The Amazing Way This Hospital Is Fighting Physician Burnout

12/02/2013 02:29 pm ET | Updated Aug 01, 2015

Hospitals have procedures and alerts in place to deal with practically anything that could possibly go wrong: "Code Red" for fire, "code blue" for medical emergencies, and "code white" for behavioral disturbances, to name a few. But the Cleveland Clinic in Ohio has introduced a new alert, "Code Lavender," for a more unlikely and much more common threat: stress and burnout.

Code Lavender -- which has also been employed at North Hawaii Community Hospital in Waimea -- is a "holistic care rapid response" serving patients and physicians in need of intensive emotional or spiritual support, according to Amy Greene, director of spiritual care at Cleveland Clinic.

"It was an idea to indicate that we were going to respond as quickly as possible to a need for intensive emotional and spiritual support," Greene tells The Huffington Post. "We thought originally that it would be for patients and their family members, but as it turned out, we started doing them mostly for staff."

The Clinic is consistently ranked among the best hospitals in the world, and as such, it houses some of the sickest patients, including both children and adults, in the country and beyond.

The Code Lavender program, which has been in place since 2008, aims to support nurses and physicians during emotionally troubling or exhausting times, often after experiencing the death of one or several patients.

"[Cleveland Clinic] caregivers are used to seeing really difficult cases, but even they are going to buckle when they get hit two or three times in one day," Greene says. "Code Lavender is a holistic team approach to going up and saying, 'Hey, we've got your back.'"

Within 30 minutes of a call, the Clinic's team of holistic nurses arrives at the unit in need to provide Reiki and massage, healthy snacks and water, and lavender arm bands to remind the nurse or physician to take it easy for the rest of the day.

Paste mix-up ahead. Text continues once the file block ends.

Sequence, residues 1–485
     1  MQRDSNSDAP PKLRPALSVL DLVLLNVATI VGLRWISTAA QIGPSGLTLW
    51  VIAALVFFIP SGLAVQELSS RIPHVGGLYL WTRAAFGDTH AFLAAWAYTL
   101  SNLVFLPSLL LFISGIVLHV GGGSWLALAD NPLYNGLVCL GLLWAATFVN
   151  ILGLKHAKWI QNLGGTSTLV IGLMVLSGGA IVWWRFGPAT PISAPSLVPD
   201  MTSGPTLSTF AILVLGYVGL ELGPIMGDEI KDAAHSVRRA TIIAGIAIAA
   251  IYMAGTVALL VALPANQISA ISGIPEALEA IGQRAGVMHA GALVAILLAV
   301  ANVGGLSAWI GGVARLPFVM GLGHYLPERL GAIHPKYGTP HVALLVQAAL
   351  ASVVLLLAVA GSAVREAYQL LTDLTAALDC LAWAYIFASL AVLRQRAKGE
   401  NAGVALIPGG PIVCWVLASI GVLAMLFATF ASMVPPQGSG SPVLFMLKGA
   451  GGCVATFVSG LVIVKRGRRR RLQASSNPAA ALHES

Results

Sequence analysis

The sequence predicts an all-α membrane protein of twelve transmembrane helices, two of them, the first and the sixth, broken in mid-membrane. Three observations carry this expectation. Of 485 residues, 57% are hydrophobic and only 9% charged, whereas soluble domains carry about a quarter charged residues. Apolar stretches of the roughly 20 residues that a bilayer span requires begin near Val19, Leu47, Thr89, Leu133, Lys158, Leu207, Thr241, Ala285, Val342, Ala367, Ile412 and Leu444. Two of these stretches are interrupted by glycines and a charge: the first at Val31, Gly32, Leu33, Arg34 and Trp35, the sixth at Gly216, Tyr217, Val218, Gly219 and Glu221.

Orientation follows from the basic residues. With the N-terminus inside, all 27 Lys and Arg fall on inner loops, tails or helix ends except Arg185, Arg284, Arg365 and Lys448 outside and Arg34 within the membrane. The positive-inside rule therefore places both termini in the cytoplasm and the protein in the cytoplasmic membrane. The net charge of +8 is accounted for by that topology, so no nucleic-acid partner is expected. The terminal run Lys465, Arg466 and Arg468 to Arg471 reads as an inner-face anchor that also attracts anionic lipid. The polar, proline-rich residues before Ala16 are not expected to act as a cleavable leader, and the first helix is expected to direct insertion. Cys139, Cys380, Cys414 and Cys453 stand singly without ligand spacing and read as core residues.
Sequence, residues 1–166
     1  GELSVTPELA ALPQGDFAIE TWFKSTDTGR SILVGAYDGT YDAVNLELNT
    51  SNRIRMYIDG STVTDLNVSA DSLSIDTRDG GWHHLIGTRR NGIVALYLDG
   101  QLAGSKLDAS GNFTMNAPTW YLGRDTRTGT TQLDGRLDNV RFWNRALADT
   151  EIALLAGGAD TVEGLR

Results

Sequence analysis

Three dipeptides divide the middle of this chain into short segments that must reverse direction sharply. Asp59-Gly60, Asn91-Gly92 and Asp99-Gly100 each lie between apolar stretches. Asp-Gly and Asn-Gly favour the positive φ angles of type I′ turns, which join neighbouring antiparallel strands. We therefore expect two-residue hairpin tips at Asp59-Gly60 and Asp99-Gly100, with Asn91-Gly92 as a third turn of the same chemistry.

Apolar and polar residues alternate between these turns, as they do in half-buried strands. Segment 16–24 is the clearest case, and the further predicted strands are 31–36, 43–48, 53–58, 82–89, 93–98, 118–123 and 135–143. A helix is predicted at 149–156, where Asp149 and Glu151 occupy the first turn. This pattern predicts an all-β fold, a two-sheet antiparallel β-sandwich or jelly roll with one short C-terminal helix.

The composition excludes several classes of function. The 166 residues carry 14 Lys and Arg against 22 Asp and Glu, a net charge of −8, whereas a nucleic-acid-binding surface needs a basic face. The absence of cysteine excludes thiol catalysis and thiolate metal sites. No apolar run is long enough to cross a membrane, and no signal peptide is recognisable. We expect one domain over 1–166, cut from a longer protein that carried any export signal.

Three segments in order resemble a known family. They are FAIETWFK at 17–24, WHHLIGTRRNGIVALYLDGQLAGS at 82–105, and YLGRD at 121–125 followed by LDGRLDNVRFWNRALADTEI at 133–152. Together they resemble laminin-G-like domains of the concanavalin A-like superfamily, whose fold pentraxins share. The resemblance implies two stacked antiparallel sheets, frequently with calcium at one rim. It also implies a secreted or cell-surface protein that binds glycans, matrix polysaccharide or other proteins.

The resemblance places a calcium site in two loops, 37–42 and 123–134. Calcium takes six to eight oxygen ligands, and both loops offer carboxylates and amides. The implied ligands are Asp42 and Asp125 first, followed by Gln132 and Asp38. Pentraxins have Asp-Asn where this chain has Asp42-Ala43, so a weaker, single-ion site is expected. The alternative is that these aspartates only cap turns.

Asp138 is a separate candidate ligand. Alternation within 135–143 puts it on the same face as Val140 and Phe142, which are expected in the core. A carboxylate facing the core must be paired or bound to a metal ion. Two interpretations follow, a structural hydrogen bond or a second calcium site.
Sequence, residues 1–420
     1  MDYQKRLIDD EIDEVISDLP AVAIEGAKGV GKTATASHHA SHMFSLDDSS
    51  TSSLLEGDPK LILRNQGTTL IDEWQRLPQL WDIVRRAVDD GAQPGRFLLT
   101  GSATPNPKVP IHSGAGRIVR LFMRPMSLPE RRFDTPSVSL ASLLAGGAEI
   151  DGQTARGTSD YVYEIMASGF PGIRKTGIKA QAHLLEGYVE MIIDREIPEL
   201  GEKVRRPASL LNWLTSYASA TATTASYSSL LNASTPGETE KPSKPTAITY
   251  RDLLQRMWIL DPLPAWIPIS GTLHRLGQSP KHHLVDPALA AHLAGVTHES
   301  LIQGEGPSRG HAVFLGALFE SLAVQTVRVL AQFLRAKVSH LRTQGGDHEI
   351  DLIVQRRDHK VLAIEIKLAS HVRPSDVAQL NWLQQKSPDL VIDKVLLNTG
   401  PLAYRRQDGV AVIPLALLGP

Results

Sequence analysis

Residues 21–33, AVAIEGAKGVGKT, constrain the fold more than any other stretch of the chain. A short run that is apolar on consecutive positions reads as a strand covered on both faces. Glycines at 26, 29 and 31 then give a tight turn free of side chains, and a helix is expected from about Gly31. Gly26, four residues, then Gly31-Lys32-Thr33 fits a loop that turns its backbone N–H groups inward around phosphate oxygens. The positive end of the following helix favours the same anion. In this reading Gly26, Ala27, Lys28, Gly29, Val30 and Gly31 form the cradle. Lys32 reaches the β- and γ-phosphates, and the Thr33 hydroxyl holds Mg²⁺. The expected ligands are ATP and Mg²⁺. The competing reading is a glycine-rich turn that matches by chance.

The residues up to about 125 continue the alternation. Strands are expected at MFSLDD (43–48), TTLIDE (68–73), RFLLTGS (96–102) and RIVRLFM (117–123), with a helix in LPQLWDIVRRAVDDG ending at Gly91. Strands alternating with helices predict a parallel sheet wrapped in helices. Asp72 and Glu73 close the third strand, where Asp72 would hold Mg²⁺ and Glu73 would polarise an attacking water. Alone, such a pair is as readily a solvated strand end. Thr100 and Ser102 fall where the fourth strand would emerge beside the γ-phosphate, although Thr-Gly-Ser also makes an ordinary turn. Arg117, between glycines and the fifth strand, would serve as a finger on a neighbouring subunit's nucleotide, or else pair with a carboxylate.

“I love the whole concept of Code Lavender. It makes us feel appreciated and valued,” one nurse wrote in a Cleveland Clinic survey, while another noted, “It is helpful because it’s nice to get your stress out. It’s also good to know that our workplace feels our pain and is willing to be there for us.”

The Healing Services Team employs holistic methods that include spiritual support, counseling and therapeutic massage. Bringing together conventional medicine and alternative remedies, the Clinic also offers employees yoga classes, weight loss programs and mindfulness training.

The Cleveland Clinic is a one of a growing number of health care facilities integrating holistic healing into their services. A 2011 American Hospital Association report found that 42 percent of surveyed hospitals offer one or more Complementary and Alternative Medicine (CAM) therapies -- including acupuncture, homeotherapy and herbal medicine -- increasing from 37 percent in 2007, and 26 percent in 2005.

The Code Lavender program is just one of a growing number being created to address burnout among physicians and health care providers. One 2012 national study found that nearly half of all physicians experience burnout, more than any other type of U.S. workers. Emergency care, critical care, and family medicine workers experience the highest rates of burnout among health care providers.

Recent research has found that mindfulness training may be effective in not only reducing burnout, but also in boosting compassion among physicians. University of Virginia research from 2012 also found that mindfulness-based stress reduction courses to significantly improve burnout and well-being scores for various types of healthcare providers. And according to a small, recent study published in the Annals of Family Medicine, mindfulness training programs help physicians to feel better connected to their patients.

"[Compassion-based care] does go against an old style of medicine where it was just, 'Go go go, stay tough, don't be impacted by it, keep moving,'" says Greene. "We're seeing that this is long-term not sustainable. Doctors and nurses are human beings."

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